Jochems and Michael Kinsley, who went on to become a Pitkin County Commissioner and now resides on the Open Space and Trail board, made a couple of trips down to Gunnison to make these arguments. Kinsley told Munsell, “Bill always wore a vest, and he would stroll around with his thumbs in the arm openings of the vest just like he was Abe Lincoln talking in broad philosophical terms, and then J.E. [DeVilbiss] would take over. He would slam them with technicalities, kill them with legal technicalities.”
Unfortunately, they didn’t make much progress with Gunnison County and Jochems assumes it was simply due to the potential tax revenue the ski area could have generated. So, they took matters up with the real estate commission instead and went to a couple of hearings in Denver. “Ultimately,” Jochems said, “that’s what did them in because they were so poorly financed.”
Essentially, the project was banking on lot sales. Jochems explained one example; one property owned then by Gus Darian (and today by his son, Larry) was sold to the Marble Ski area where they platted and started selling lots. A buyer paid a third of the sale amount as a downpayment, and then get a loan for the remaining two-thirds. However, Darian wasn’t being paid, so he took the land back; therefore, the lot owners didn’t own an actual piece of real estate anymore but still owed money to the bank, which was theoretically an innocent party.
“That didn’t happen to everybody, though,” he said. “That was just one property that was a fairly small part of the whole picture, but that was the property to cause the real estate commission to say, ‘Hey, your practices are illegal, improper, and fraudulent,’ and that shut ‘em down on all sales.”
Jochems also said he ended up representing a lot of bamboozled folks in bankruptcy court. “I’d go down into the filing room for the bankruptcy court in Denver, and the Marble Ski area bankruptcy must have been a pile that was four feet of shelves or something. It was a disaster!”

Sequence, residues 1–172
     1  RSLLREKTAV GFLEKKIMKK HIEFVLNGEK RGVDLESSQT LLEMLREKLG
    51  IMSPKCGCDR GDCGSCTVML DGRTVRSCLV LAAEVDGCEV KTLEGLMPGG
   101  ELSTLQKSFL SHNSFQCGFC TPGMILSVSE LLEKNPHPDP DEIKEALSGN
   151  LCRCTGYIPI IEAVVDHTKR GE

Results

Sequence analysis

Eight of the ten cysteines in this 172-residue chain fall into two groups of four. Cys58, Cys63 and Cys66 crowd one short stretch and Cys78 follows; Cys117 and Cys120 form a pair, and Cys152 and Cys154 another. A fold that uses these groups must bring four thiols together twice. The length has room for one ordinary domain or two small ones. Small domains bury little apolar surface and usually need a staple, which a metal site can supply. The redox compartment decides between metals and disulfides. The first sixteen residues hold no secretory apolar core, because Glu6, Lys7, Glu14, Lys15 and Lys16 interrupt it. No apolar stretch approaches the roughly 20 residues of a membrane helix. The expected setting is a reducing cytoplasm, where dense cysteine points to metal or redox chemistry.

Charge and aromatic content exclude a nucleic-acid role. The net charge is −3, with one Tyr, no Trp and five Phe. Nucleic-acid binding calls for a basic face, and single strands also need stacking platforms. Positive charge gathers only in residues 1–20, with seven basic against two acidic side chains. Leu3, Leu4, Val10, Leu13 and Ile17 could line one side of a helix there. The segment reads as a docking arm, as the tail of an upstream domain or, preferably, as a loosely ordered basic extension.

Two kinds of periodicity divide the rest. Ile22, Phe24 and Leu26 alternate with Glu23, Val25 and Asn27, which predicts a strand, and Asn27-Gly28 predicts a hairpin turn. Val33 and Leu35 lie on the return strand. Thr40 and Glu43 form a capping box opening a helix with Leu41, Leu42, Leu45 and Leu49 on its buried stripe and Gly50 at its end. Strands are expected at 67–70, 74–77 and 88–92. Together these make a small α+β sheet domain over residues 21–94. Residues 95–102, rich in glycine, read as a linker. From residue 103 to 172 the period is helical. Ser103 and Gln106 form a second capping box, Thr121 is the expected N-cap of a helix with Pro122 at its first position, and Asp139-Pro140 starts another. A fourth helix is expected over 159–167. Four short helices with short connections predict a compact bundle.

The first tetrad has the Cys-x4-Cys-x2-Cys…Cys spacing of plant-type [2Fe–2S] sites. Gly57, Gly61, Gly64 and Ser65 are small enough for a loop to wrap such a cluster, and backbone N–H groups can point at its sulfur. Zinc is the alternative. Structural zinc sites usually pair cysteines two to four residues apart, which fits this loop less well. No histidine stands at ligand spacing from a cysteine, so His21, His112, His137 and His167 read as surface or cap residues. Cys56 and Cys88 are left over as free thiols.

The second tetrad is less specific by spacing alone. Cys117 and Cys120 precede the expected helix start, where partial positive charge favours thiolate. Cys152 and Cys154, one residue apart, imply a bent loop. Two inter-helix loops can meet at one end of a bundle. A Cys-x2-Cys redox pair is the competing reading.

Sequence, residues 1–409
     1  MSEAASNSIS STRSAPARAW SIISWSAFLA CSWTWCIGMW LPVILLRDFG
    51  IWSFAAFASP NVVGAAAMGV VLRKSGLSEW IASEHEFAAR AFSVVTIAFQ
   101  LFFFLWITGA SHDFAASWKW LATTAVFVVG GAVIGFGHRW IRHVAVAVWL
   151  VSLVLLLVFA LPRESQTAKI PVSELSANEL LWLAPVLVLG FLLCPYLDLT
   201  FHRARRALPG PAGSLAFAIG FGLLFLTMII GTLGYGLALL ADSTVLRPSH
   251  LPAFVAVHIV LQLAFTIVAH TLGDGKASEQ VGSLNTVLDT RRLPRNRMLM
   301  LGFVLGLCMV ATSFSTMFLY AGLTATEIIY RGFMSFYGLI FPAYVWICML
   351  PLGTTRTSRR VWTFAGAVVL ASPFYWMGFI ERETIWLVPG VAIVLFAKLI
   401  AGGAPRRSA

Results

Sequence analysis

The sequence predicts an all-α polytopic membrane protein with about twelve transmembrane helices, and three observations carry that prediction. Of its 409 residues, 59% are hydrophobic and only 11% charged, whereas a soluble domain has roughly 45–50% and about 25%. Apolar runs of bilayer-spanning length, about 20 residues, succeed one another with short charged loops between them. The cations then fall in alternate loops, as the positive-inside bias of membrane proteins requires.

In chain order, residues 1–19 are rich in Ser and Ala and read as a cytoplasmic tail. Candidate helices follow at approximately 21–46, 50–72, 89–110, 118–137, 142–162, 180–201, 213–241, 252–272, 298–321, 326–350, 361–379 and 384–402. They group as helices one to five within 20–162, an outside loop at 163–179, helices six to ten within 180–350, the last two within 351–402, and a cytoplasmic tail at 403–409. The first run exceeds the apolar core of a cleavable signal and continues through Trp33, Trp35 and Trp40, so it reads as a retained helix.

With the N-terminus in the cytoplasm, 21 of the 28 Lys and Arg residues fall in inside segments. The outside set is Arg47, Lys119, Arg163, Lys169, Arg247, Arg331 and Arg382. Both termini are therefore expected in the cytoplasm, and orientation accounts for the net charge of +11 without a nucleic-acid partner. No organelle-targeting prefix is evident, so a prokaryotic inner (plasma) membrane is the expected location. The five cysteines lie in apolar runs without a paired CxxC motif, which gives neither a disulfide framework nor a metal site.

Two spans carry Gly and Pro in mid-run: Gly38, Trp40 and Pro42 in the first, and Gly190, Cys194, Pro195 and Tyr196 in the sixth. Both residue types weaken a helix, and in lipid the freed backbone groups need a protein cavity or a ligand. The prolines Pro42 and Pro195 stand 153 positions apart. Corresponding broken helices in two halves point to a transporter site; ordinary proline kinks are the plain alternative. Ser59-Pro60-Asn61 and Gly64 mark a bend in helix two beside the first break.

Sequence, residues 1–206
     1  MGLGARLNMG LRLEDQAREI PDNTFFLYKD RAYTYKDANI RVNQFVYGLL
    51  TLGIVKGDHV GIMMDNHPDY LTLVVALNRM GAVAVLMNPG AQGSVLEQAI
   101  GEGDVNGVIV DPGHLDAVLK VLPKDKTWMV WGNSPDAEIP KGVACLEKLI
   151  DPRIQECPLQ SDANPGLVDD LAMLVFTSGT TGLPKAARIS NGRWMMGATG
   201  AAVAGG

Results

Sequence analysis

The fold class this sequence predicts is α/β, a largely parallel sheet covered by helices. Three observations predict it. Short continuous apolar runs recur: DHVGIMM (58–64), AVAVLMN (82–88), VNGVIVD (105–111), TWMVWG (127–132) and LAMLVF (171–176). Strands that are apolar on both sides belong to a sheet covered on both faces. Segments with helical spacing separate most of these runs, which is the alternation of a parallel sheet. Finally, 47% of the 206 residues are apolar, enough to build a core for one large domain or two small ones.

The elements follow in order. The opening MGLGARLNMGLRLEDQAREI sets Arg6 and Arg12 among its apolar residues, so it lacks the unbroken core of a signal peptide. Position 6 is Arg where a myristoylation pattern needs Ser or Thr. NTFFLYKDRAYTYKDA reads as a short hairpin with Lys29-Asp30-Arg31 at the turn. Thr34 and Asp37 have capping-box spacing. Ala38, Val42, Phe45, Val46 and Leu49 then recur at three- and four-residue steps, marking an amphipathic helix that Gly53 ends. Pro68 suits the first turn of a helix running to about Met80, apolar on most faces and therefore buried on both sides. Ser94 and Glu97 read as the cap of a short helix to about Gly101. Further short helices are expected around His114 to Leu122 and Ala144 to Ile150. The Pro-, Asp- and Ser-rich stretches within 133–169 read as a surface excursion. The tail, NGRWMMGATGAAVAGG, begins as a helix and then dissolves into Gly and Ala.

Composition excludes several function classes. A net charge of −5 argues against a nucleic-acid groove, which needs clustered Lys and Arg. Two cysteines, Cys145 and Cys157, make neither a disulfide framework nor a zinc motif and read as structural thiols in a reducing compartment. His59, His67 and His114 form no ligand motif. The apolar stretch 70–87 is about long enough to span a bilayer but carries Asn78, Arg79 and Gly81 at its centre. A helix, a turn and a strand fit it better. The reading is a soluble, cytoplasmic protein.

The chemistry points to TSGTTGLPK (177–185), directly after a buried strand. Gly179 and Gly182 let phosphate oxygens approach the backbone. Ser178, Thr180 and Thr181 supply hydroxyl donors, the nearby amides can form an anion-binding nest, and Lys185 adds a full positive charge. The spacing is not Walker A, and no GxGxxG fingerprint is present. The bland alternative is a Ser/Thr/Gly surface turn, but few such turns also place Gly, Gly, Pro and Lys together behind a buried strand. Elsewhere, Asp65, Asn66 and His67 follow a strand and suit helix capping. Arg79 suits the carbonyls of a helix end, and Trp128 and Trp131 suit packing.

The developers never did pay off any of Jochems' clients, but he was able to successfully reduce or obtain total forgiveness for some of those fraudulent loans.
Jochems first met “Mrs. MacDonald,” as he refers to Osgood’s third wife after her marriage to Huntley MacDonald, in the early 70s while trying to remedy a survey error pertaining to lots along the Boulevard from his home on the north end all the way down to about where today's headquarters of The Crystal Valley Echo is near the Redstone General Store. The survey had been done during the 30s and laid out the lots at approximately 50 feet.
“So,” he began, “if you put my house in a 50-foot lot and started going down the street and portioning 50 feet to each house, you didn’t have to go very far until a house wouldn’t fit and the lot line, under that concept, was to shave off part of the house.”
He said he got involved in the procedure to try and straighten it out, and therefore, approached Mrs. MacDonald because solving the issue involved her as a party.
Jochems explained that Colorado “has a marvelous statute” in the case of large-scale survey errors that allows one to hire a surveyor to correct everything by drawing up a plat that shows the property as it is occupied. Once he filed that survey with the district court, notice was given to all the property owners in the area stating that there’d been a petition submitted to readjust all the boundaries from the 1936 plat to the plat that had been drawn by the surveyor. Property owners were given a certain amount of time to object.
That’s where the property that now produces this publication came into the story. Jochems explained, “At that time, the property was the East Creek Wash House, or the laundry mat, and was owned by a man named O.R. White. He also owned several properties towards the north.